"Tell Santa what you want for Christmas!" trains children that it is good to make lists of things they want. And it encourages kids to expect to be given whatever they want. So, this phrase also cultivates a feeling of entitlement. A child who does not get exactly what he or she wants will feel deprived.
To my mind, we celebrate Christmas as a months long orgy of buying, sentimentality, glitter, and gluttony. These things are far from the poverty of the stable where the son of God came into this world. One way you can tell that all that excitement has nothing to do with Christmas is that all the hyperactivity stops on Christmas Eve. You'd be hard put to find a Christmas hymn playing on the actual day of Christmas. There's no money to be made any more. So the din ceases and the thrills fade away. The tree that has been up since Thanksgiving is often discarded on the 26th of December, just on the second day of what should be the actual celebration.
The actual person who inspired the Santa Claus legend is St. Nicholas, and his Feast Day is December 6. "Who is St. Nicholas?" has a good write-up about how St. Nicholas became associated with being a protector of children.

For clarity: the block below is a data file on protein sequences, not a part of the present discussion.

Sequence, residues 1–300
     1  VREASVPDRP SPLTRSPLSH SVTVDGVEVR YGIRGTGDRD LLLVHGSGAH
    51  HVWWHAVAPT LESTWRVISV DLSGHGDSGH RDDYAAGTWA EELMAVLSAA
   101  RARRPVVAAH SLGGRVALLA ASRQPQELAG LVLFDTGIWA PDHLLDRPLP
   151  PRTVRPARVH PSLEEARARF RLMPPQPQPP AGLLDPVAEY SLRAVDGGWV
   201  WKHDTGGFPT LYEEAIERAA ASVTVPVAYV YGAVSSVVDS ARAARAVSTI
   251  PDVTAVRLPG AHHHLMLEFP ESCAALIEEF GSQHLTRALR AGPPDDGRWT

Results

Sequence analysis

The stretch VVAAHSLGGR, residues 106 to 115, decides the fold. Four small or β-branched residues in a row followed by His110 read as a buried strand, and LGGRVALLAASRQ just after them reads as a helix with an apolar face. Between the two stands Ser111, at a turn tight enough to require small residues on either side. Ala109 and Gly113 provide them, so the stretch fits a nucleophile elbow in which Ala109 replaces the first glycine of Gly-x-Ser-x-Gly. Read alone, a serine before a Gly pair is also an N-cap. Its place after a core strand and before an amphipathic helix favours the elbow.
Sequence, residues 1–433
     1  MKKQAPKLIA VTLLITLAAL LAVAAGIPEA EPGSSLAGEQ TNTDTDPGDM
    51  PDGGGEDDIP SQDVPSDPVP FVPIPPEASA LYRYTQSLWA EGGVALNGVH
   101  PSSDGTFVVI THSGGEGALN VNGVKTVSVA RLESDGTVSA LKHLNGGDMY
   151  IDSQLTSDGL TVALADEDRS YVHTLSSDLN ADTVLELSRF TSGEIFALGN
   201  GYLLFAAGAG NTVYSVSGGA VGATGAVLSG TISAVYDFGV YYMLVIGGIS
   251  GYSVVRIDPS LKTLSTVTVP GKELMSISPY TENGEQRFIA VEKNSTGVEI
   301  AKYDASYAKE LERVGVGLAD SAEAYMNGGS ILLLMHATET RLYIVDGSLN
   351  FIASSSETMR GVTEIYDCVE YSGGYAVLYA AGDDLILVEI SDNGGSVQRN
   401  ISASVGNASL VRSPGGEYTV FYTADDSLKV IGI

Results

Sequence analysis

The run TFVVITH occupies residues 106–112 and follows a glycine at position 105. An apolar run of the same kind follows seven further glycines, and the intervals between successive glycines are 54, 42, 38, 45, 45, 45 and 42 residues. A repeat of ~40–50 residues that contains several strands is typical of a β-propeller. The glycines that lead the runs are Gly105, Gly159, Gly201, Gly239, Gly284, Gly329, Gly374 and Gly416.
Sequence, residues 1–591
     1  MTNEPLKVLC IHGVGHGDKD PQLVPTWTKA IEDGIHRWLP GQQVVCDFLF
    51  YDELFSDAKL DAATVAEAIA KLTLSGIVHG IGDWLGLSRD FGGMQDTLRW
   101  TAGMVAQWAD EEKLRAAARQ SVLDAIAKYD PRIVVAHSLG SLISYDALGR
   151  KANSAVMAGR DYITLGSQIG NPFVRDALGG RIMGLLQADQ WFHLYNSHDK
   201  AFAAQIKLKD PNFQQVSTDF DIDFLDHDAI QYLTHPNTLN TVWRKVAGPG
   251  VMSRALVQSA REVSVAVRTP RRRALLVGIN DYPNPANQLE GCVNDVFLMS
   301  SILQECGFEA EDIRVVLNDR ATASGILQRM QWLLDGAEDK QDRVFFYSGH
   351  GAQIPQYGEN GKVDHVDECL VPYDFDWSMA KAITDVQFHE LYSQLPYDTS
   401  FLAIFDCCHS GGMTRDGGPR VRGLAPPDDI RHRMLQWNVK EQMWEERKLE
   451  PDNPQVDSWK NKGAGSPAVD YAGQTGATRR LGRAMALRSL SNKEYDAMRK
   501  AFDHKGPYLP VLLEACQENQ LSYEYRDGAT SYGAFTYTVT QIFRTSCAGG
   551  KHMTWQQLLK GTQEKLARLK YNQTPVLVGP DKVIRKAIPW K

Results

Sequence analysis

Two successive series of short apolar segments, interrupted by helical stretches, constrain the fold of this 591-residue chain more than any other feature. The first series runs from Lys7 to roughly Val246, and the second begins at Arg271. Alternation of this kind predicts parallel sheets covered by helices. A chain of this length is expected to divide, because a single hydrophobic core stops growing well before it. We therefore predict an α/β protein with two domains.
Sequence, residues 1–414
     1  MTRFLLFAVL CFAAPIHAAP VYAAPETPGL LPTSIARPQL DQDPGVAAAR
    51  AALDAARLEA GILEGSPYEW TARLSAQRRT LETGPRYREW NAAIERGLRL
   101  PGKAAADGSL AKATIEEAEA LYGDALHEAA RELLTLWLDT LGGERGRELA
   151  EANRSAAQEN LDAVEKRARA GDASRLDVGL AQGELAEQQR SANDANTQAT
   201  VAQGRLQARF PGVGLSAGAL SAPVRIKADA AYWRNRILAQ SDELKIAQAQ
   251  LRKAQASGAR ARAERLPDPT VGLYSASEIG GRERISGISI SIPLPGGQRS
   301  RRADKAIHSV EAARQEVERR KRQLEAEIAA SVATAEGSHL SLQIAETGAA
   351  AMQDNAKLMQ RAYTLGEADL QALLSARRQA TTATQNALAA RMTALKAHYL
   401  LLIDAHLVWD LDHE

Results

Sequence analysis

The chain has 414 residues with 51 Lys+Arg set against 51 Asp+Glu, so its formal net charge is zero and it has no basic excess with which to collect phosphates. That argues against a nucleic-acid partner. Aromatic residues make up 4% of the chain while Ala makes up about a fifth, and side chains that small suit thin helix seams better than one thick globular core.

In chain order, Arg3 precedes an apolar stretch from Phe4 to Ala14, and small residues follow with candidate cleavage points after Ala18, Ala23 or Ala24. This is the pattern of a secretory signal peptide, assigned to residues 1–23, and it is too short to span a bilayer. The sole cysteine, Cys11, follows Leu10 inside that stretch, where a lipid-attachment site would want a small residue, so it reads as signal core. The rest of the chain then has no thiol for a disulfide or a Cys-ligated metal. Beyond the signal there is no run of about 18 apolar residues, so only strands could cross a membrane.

In most of Europe, gifts are given on St. Nicholas Day, December 6, instead of on Christmas. This helps keep the focus on awe and gratitude for God's precious gift to us at Christmas. God the Father sent His Son, God Among Us. "For God sent not his Son into the world, to judge the world, but that the world may be saved by him" John 3:17.
We owe more of our present day idea of Santa Claus to Coca Cola than to St. Nicholas. Santa Claus' suit is the Coca Cola brand color. He's a marketing device. Many a Coca Cola ad shows Santa with his head thrown back swigging a bottle of Coke, and it says, "Open happiness." No, Virginia, happiness is not to be found in swigging Coca Cola. It is to be found only in knowing, loving, and serving Christ.
Santa Open Happiness Coca Cola Billboard
Santa and Coca Cola together, even in Assisi, Italy (Christmas Eve 1999).
The elaborate fictions about Santa Claus that society spins out during a child's early years also teaches children that their parents and teachers, indeed the whole society, are capable of lying to them. And I truly believe those lies children hear from us about Santa make it easier as they grow up for children to dismiss the Birth of Christ, the angels, the shepherds, and the Three Kings, as a collection of similar well-meaning sentimental fictions.
What do you think? How did you feel when you found out Santa isn't real? Have you ever thought that when kids lose faith in Santa they might lose trust and eventually lose faith?